Linebacker Michael Roach collapsed on the football field. The Wofford Terriers were playing Tennessee Tech in Cookeville, Tenn., and Roach had just come off the field after a 13-play drive.
Had an Automatic External Defibrillator (AED) and medical professionals not been close by, Roach may not be alive today.
A junior at Wofford College, Roach suffered from a cardiac arrest caused by a heart condition called apical hypertrophic cardiomyopathy, characterized by the thickening of the heart muscle, which can restrict blood flow.
The collapse came during the first game of the 2016 season. Roach was really tired, but that wasn’t alarming – an intense series of plays in extreme heat tend to leave players feeling drained. He sat on the bench for a rest and a drink of water.
Suddenly, he felt extremely light-headed. And that was it: Roach’s heart stopped beating.
“I was down and out for like a minute,” he said. “I was completely out of it.”
During that minute, Roach’s teammates were shouting for help and athletic trainers rushed to his side.
Athletic trainer Will Christman, a Spartanburg Regional Sports Medicine staff member who works with Wofford athletes, grabbed an AED and applied the electrodes to Roach’s chest.
“I was thinking, ‘This just got real.’ We got into game mode real quick,” Christman said.
Also on hand were team physician and orthopaedic specialist Stephen Kana, MD, and Cookeville cardiologist Stacy Brewington, MD, who happened to be at the game and rushed down from the stands to help.
The team administered CPR and electric shock from the AED. All the while, the game was halted and the stadium was eerily quiet.
Roach woke up in an ambulance, unaware that he had nearly died and was taken to Cookeville Regional Medical Center for evaluation.
“When I woke up in the ambulance, I asked to get back in the game,” Roach said. “I had no idea what had happened.”
At Roach’s home in Kenosha, WI, his family had been watching the game online and his brother saw a comment on Twitter that identified Roach as the player down.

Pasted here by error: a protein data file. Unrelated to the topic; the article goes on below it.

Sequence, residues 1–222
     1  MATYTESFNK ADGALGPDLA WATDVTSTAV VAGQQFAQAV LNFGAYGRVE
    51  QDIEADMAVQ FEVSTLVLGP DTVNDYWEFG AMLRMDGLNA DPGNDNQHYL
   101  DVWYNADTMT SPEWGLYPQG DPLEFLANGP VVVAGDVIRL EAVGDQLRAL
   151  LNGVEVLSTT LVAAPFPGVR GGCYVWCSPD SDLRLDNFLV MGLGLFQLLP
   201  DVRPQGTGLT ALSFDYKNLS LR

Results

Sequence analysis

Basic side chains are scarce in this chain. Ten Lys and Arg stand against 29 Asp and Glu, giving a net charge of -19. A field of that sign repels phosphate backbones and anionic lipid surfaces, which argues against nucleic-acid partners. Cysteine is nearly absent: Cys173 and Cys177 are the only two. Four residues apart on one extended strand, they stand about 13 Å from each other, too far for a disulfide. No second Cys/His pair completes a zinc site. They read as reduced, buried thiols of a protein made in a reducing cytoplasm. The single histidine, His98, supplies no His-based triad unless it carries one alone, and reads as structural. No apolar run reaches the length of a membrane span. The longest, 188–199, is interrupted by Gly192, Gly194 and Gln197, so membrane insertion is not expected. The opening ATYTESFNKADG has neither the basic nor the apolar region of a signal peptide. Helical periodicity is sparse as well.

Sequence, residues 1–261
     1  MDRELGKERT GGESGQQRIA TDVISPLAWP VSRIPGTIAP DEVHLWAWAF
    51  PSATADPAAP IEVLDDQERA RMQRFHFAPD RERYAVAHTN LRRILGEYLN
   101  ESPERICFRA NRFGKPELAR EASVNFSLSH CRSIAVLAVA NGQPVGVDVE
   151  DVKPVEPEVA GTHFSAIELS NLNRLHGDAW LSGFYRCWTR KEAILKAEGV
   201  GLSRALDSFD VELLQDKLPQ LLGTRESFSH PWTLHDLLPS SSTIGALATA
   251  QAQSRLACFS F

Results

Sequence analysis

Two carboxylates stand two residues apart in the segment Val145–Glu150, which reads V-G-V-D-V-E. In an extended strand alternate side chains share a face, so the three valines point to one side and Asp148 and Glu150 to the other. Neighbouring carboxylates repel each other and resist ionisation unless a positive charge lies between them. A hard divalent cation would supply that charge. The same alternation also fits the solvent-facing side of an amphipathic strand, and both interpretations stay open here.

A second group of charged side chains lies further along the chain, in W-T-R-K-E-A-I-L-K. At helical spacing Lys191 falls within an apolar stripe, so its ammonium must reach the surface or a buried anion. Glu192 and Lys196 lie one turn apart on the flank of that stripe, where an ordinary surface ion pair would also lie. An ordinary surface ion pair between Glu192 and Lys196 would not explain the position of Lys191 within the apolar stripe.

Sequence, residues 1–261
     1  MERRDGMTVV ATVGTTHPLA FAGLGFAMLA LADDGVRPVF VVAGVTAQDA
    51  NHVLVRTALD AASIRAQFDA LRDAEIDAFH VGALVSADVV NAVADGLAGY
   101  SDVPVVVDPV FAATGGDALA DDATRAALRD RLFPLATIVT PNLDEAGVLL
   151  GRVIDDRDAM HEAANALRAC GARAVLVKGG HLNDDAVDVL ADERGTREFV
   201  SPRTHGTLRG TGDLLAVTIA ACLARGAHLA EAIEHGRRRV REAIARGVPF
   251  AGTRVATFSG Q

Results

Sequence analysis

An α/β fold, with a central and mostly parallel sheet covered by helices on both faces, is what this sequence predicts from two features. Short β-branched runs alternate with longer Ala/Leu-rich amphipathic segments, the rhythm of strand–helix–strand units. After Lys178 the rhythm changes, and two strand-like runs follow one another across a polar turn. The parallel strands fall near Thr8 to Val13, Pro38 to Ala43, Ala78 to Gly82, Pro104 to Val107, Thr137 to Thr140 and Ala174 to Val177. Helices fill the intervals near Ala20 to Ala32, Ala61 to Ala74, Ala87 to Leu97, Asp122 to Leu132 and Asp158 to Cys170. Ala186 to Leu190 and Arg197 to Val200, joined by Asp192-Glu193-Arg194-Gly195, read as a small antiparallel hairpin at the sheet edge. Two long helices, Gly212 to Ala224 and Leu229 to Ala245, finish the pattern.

“I think it got pretty frantic at my house,” he said.
Wofford athletic director Richard Johnson called Roach’s family as soon as he got word that he was breathing and alert. His parents drove through the night to Cookeville to be by their son’s side.
Though his health is under control, Roach was forced to give up football. Doctors advise him to only engage in light-to-moderate physical activity.
Roach has plenty to keep him busy: he’s working on a double major in Business Economics and English and has plans to attend law school. His experience as a patient has inspired him to consider pursuing career opportunities related to public health.
Giving up football was hard, but he was glad to remain part of the team. Roach helped the coaching staff during the remainder of the year, and plans to work with the team next season as well.
“I miss playing, but I’m just glad I’m here,” he said.
A grant from Spartanburg Regional Foundation enabled Spartanburg Regional Sports Medicine to purchase AEDs for athletic programs at Wofford and other local colleges and high schools. To help save others like Michael Roach, the Spartanburg Regional Foundation heart division is launching an AED Assistance Program during heart month. Applications will be accepted starting in February through April 5. The heart division will be providing 10 local nonprofits, churches, and organizations life-saving AEDS.